Who was willing to support Donald Trump?

The chairman of the January 6 committee, Democratic Rep. Bennie Thompson, was born into segregation in the Delta city of Bolton, Mississippi, population 521, “a part of the country where people justify the actions of slavery, Ku Klux Klan, and lynchings,” as he said during the first hearing. The vice president, Rep. Liz Cheney from Wyoming, is twenty years younger and the daughter of Vice President Dick Cheney; she had spent most of the Trump years holding third place in the House Republican leadership, until she was forced to resign in May 2021, after repeatedly criticizing Trump and voting in favor of impeachment. politician from him. The scene seems straight out of a John Grisham thriller: the slow-talking Southern judge with a long storied memory, the wily prosecutor who turns on his former political patrons. This is how justice is supposed to be, simple justice that pleases the crowd.

In its focus on the period between the presidential election on November 3, 2020 and the attack on Capitol Hill on January 6, 2021, the committee has drawn up an account in which successive advisers to the president, each representing a part of his party—turn their backs on him in disgust, as he tries to sell the ill-organized fiction of a stolen election. Those with him on November 3, 2020, were already a self-selected group of loyalists, given how many Party members refused to work for Trump in the first place, and how many of his early aides burned out and left. By November, most of the Trump White House lawyers and campaign staff, who saw no major election fraud, had coalesced around the “Normal Team,” such as political adviser Bill Stepien. called in his testimony; Trump’s camp was organized around “Team Rudy,” a few lawyers allied with former New York Mayor Giuliani, who were looking for evidence of fraud that never turned out to be there. In every scene reenacted in the courtroom, every heated Oval Office session recounted by a lawyer, every memo highlighted and projected on a screen above the dais, the central question is: Who was for Trump and who was against him?

But this alignment also had a political value. In December, as Trump continued his accusations of voter fraud, his attorney general, Bill Barr, the embodiment of the conservative legal establishment’s truce with the president, resigned. In Congress, the Republicans who were clearly with Trump were the members of the right-wing House Freedom Caucus, most prominently Rep. Jim Jordan of Ohio, Rep. Paul Gosar of Arizona, Rep. Louie Gohmert , of Texas, and Rep. Scott Perry of Pennsylvania, whose line with the president ran through White House chief of staff Mark Meadows, a former chairman of the House Freedom Caucus. The Committee drew another dividing line: among the lawyers, it was the Normal Team versus the Rudy Team, but among the politicians, it was the GOP Team versus the Freedom Caucus Team.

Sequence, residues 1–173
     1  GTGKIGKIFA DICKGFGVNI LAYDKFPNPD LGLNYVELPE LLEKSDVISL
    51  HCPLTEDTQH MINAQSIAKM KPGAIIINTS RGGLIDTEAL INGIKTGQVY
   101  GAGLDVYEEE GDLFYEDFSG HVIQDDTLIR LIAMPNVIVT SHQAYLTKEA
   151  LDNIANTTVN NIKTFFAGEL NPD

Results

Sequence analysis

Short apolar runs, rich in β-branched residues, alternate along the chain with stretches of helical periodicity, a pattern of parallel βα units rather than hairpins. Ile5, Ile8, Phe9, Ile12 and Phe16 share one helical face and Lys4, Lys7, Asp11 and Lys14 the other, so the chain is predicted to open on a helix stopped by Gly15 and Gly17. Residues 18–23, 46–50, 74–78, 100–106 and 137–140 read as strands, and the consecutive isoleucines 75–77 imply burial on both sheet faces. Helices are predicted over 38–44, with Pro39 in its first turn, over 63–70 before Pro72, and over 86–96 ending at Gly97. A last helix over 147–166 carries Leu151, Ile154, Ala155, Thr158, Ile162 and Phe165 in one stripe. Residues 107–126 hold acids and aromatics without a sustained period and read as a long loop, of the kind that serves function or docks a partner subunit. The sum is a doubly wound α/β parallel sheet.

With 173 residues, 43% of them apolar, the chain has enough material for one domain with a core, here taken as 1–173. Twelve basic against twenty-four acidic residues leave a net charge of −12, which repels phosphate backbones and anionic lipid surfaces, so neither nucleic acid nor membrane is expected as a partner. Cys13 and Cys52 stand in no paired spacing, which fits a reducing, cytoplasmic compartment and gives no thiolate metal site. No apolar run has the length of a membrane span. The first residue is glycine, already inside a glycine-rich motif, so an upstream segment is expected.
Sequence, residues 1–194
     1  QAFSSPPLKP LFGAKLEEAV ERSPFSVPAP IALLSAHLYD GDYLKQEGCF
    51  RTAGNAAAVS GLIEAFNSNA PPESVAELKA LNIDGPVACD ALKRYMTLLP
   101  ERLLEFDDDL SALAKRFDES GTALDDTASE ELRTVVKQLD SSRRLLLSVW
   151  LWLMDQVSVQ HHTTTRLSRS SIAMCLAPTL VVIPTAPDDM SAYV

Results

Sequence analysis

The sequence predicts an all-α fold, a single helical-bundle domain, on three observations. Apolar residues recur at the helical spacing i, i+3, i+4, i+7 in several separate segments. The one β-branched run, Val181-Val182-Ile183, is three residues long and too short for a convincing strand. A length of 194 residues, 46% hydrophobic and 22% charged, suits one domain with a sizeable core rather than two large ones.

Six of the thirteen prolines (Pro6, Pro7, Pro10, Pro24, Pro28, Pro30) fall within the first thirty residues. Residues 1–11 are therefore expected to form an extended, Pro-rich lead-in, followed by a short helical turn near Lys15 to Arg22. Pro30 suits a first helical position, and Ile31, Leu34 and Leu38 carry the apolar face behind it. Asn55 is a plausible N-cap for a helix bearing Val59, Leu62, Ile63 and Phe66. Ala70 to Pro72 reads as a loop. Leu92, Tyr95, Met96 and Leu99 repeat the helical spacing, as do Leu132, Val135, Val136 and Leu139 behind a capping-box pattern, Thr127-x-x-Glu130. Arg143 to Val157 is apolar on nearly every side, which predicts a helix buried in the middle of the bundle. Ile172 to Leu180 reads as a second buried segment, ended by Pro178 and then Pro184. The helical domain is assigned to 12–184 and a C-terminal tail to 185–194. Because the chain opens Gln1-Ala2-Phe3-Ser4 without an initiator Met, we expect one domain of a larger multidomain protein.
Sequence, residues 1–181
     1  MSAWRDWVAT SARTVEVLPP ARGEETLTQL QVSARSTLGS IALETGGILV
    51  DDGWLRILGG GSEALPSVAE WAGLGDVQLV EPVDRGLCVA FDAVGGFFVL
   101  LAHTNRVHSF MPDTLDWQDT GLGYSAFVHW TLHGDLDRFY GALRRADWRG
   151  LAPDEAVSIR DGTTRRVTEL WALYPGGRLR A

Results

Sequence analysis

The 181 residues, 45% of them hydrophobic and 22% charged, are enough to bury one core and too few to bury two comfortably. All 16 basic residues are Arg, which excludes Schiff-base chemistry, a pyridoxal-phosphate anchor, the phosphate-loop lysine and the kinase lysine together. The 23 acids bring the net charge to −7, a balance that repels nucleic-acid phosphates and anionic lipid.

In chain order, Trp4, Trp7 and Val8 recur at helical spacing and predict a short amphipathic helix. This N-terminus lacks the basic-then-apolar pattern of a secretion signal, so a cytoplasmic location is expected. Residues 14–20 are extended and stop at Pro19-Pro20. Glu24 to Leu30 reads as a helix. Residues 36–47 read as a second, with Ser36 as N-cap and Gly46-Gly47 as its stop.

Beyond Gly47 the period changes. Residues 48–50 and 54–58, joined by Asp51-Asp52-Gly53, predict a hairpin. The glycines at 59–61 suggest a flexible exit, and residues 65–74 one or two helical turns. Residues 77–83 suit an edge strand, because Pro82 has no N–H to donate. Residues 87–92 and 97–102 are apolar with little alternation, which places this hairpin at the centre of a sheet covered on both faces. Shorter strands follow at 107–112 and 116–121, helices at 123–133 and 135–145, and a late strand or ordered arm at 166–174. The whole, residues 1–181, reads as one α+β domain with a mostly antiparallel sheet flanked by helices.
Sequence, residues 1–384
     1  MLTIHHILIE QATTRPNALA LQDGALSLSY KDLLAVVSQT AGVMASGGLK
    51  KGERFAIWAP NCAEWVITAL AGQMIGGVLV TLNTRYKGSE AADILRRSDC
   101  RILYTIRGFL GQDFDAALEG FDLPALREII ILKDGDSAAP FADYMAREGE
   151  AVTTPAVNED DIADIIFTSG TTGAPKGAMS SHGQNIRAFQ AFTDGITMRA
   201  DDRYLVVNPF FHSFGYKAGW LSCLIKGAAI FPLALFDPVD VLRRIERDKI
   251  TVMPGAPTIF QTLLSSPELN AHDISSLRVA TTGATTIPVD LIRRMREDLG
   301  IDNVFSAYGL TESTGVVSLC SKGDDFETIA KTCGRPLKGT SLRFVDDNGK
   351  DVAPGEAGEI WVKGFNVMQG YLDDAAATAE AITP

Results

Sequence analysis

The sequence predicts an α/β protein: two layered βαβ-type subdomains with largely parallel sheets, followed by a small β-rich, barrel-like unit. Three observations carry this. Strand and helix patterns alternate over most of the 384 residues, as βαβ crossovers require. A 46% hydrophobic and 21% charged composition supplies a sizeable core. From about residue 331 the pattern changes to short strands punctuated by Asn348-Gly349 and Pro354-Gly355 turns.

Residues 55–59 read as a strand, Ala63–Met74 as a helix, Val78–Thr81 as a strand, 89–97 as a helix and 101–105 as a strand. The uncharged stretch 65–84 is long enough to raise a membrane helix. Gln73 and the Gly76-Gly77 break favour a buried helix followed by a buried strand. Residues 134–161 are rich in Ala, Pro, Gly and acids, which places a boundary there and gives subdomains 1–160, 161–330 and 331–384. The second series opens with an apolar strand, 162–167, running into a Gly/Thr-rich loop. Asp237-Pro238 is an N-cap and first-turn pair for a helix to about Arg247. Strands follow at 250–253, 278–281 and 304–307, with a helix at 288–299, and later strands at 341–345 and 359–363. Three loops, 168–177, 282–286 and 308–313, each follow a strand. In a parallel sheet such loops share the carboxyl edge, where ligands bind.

Thursday’s hearing focused on a dramatic meeting in the Oval Office on January 3, three days before the uprising. One of the attendees was a DOJ attorney named Jeff Clark, who helped run the department’s environmental division. Clark had met with Trump through Representative Perry of the Freedom Caucus and made it clear that he would back the president’s claims: Clark had gone so far as to draft a letter from the Justice Department, at Trump’s behest, asking the Georgia state legislature to adopt a fake set of voters instead of the ones President Biden justly won. Also in attendance at the meeting were Acting Attorney General Jeff Rosen and Acting Deputy Attorney General Richard Donoghue, who had headed the Justice Department since Barr’s departure and had refused to forward Clark’s letter. According to testimony Rosen and Donoghue gave Thursday, the president asked why he shouldn’t replace Rosen with Clark, since Rosen wouldn’t do what the commander in chief wanted him to do. Donoghue told the committee that he had said that Clark was not qualified to run the Justice Department or to investigate a claim of voter fraud; he hadn’t even handled a case. Clark protested that he had addressed very complicated environmental appeals. In one of the all-time insults in the Oval Office (assuming it really happened; we only have Donoghue’s word for it here), Donoghue said, “That’s right. You are an environmental lawyer. Go back to your office and we’ll call you when there’s an oil spill.” Trump did not name Clark as acting attorney general; Donoghue warned him that if he did, all of his deputy attorneys general would resign en masse. Trump’s own Justice Department was against him. What he still had was the Freedom Caucus and, seventy-two hours later, a mob.